Children’s projects are activities developed and led by children; they often focus on the production of a material artifact, performance, or the realization of an idea. In practice, these projects can be, for example, drawing comics, doing dance performances, building a hut in the forest, or coding a video game. The inspiration for the project can stem from something the children have done in kindergarten or school, or seen in the movies, amongst many other sources. These projects can also focus on helping others, or on broader societal or global issues such as feeding the homeless, cleaning the oceans, or making toys for children in long-term hospital care.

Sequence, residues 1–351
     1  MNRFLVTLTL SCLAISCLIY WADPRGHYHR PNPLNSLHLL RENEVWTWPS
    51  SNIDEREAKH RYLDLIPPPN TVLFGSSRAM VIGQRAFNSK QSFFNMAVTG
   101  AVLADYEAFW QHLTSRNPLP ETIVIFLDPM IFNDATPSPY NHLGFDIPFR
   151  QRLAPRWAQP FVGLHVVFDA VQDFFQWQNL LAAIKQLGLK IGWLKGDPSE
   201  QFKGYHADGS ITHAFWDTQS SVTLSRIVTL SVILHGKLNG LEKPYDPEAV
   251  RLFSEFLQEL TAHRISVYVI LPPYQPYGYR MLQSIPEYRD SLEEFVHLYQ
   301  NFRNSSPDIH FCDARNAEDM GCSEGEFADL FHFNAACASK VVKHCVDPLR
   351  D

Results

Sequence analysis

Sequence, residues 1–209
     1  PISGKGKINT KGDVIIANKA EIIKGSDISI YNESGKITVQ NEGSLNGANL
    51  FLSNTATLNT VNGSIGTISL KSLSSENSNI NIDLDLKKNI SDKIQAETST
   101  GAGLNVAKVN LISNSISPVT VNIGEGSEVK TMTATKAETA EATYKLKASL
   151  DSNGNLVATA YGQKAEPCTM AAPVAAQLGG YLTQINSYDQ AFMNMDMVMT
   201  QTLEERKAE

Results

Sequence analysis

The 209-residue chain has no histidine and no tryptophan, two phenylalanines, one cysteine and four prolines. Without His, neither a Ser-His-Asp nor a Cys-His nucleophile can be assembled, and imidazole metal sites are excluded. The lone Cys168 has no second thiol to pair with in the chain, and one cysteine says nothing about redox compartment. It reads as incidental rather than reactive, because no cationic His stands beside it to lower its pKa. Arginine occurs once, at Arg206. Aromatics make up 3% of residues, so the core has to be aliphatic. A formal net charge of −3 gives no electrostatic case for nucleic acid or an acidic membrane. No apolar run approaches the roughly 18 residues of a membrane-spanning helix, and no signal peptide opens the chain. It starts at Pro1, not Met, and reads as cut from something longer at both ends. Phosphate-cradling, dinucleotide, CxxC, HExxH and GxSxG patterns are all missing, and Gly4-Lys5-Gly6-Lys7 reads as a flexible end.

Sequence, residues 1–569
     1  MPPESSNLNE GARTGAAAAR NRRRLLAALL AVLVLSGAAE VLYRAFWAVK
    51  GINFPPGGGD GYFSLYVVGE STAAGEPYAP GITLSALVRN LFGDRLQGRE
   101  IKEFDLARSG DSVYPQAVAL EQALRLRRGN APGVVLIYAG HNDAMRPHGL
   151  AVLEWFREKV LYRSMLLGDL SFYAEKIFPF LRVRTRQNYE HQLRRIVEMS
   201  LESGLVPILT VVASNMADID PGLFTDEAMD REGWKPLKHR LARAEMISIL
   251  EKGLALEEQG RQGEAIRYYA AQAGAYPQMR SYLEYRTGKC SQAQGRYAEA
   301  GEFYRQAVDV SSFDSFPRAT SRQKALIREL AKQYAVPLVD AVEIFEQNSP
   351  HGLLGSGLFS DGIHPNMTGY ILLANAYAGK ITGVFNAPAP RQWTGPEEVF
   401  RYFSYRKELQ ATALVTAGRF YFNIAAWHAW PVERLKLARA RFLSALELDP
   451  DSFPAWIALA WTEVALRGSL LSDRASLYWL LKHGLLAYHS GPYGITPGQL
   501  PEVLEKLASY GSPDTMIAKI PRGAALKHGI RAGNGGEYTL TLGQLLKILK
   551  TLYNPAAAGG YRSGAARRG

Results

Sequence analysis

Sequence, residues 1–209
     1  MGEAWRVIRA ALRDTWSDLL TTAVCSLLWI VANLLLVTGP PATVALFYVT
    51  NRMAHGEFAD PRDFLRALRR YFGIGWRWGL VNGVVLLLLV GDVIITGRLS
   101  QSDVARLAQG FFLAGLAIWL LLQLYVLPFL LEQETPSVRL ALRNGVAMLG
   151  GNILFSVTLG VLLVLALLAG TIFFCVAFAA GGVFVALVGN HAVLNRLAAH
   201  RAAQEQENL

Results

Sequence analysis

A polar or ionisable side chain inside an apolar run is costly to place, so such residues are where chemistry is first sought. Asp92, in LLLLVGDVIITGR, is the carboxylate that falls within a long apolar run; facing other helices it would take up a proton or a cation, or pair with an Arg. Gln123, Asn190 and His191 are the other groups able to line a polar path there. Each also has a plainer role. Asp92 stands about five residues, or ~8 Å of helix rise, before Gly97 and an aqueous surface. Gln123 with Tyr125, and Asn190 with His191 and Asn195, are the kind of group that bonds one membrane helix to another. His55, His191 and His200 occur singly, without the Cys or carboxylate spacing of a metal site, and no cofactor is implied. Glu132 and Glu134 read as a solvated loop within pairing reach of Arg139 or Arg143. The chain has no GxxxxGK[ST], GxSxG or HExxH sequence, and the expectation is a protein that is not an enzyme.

Although these kinds of projects are widely present in children’s everyday lives, they remain largely unrecognized by learning research. This research project, by building on cultural-historical activity theory, aims to increase our understanding of children's projects, especially regarding the learning opportunities they present for children and their possible impact on children’s development. In addition, the research project also aims to better understand how various settings in children’s everyday life (at kindergarten, school, and home) as well as their relationships (with parents, friends, teachers, and other adults) support (or hinder) the development of children’s projects. Depending partly on the quality and availability of this support, children’s projects can grow from small and private endeavors sustained by the child or children themselves to long-term projects with multiple converging foci and a global support network.